So, let us talk about these formulae, shall we? As you can see - there's already confusion. We are all experienced and time hardened professionals here, but I can see newcomers puzzled by the different approaches to the way you should take your measurements. Is measuring the body better than measuring the gear? And how about the center distance?

To make things worse - let us use the formulae on an imaginary pump that has gears with outer diameter D of 4 cm, root diameter d of 2 cm, the center distance c of 3 cm, the body width W of 7 cm, and the gear width gW of 1 cm:

Formula one gives us 10.99 cm³

Formula two gives us 9.42 cm³

Formula three gives us 9,42 cm³

This adds to the confusion! 9.42 seems to be the "winner" here, but the formula that is most popular on Google and that comes from two very respectable sources gives a different result! Now - I know, I know! - we do not require "millimetric" precision, we need to size the pump to choose a new one with similar displacement. But still - 9,42 and 11 are almost 20% apart, which is a lot! It is clear that something here needs rectification, don't you agree?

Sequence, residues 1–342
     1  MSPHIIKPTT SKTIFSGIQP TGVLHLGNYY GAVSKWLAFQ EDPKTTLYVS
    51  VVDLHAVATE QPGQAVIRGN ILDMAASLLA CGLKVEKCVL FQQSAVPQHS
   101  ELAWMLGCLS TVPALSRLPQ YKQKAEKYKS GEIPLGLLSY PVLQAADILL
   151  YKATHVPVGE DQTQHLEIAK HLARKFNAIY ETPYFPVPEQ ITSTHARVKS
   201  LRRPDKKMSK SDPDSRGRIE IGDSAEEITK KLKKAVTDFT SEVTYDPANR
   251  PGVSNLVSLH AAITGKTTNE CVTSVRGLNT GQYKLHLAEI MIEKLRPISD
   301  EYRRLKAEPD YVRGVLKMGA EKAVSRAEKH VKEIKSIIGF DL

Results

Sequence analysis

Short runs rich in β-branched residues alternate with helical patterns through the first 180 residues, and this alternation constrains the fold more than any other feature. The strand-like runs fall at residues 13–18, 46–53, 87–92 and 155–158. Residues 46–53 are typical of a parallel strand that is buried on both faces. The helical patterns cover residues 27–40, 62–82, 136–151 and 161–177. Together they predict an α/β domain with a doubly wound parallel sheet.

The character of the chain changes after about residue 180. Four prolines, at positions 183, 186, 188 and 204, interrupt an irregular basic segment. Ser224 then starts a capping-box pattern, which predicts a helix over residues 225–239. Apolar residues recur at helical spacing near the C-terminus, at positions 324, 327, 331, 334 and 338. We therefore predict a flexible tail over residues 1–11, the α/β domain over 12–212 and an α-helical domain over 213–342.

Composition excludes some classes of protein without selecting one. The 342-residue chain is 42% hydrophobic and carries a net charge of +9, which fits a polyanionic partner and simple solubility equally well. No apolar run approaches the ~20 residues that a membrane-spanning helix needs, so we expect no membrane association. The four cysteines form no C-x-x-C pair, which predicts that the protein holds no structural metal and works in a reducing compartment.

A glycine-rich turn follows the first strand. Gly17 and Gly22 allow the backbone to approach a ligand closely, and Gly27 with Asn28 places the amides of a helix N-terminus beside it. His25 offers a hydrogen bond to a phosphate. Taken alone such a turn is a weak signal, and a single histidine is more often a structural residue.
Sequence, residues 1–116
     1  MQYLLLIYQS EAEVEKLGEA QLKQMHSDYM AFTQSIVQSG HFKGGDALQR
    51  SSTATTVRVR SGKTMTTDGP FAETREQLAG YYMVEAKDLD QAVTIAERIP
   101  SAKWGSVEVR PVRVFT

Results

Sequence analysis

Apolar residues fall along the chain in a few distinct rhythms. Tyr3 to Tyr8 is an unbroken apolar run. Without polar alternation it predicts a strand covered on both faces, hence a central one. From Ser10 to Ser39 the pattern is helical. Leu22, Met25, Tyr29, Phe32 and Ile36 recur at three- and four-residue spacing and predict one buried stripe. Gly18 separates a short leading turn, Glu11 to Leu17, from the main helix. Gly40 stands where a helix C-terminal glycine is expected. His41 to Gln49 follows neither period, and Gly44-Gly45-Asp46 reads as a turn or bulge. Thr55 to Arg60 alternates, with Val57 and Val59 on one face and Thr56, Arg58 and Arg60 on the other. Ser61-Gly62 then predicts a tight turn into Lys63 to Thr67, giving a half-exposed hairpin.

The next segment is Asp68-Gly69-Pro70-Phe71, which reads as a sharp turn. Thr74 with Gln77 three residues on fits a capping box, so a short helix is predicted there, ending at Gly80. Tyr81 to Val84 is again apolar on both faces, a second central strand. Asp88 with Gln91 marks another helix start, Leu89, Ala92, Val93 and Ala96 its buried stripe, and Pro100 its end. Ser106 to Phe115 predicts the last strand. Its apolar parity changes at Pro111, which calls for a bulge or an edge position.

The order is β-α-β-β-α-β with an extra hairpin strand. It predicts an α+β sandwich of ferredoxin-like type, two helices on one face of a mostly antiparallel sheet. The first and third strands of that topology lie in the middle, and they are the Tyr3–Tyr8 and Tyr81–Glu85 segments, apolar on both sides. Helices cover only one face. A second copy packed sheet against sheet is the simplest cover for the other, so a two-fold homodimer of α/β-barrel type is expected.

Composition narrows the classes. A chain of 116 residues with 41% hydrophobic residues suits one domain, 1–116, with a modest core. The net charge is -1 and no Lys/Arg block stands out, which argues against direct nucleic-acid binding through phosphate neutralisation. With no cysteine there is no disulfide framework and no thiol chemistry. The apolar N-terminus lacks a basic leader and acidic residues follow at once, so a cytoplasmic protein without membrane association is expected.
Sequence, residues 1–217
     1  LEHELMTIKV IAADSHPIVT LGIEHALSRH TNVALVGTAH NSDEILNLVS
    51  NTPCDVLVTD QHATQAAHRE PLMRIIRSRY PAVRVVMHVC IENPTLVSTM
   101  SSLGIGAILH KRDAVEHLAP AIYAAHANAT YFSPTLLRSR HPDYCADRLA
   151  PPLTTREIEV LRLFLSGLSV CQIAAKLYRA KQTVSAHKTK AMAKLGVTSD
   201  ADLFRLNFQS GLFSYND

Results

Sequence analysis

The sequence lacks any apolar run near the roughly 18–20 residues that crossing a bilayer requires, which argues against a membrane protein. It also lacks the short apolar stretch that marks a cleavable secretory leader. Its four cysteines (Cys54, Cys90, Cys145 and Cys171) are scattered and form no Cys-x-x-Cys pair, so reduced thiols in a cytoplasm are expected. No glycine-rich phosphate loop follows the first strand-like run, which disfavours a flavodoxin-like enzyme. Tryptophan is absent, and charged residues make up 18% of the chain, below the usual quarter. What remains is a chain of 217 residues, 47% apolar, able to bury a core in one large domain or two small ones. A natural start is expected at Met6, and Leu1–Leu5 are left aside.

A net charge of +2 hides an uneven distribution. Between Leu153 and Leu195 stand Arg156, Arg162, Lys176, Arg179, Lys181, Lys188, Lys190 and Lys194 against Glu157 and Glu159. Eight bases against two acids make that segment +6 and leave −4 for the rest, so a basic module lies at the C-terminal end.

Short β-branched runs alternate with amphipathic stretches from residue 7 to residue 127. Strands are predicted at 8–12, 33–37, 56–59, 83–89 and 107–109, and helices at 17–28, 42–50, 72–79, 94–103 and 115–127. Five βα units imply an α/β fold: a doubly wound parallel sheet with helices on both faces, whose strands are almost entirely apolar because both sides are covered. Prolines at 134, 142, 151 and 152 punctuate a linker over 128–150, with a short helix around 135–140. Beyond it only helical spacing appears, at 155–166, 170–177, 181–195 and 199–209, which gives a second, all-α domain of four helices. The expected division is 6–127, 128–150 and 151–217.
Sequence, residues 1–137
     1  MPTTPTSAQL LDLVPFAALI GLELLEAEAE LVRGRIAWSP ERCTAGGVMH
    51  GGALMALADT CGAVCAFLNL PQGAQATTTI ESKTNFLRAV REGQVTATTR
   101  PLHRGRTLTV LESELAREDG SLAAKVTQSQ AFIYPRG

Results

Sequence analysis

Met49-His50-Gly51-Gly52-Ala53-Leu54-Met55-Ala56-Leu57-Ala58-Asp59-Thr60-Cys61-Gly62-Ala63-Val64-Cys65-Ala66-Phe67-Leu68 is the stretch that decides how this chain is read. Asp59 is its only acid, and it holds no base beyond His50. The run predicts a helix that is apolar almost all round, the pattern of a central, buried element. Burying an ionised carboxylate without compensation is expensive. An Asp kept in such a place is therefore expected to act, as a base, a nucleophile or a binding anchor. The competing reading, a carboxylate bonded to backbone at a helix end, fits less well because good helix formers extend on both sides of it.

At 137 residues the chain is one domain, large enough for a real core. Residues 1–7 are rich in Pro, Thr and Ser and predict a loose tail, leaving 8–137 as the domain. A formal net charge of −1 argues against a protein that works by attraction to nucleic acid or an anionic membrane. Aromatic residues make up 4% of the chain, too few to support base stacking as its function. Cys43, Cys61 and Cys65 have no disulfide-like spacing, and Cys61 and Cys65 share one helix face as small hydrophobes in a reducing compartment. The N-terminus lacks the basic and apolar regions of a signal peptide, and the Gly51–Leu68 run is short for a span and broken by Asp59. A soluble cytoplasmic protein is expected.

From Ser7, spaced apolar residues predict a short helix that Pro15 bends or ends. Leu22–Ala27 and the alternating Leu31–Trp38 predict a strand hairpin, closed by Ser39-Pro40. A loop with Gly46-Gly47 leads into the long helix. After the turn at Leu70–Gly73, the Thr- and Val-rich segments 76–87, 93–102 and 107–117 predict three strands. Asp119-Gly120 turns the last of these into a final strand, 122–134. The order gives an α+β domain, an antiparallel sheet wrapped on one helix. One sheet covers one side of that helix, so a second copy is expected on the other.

Before all, let us take the "geometry" out of the way, and decide once and for all how exactly we can calculate the displacement of our gear unit.

If you look at the chambers that trap and transport the working fluid - you will see that the size of each chamber roughly equals the size of the gear tooth, and since there are two gears transporting the fluid, we can estimate that to calculate the volume that the pump transports per revolution, we need to calculate the volume of the hollow cylinder, formed by the outer and the root diameters (the D and d) of the gear, with the height of (gW):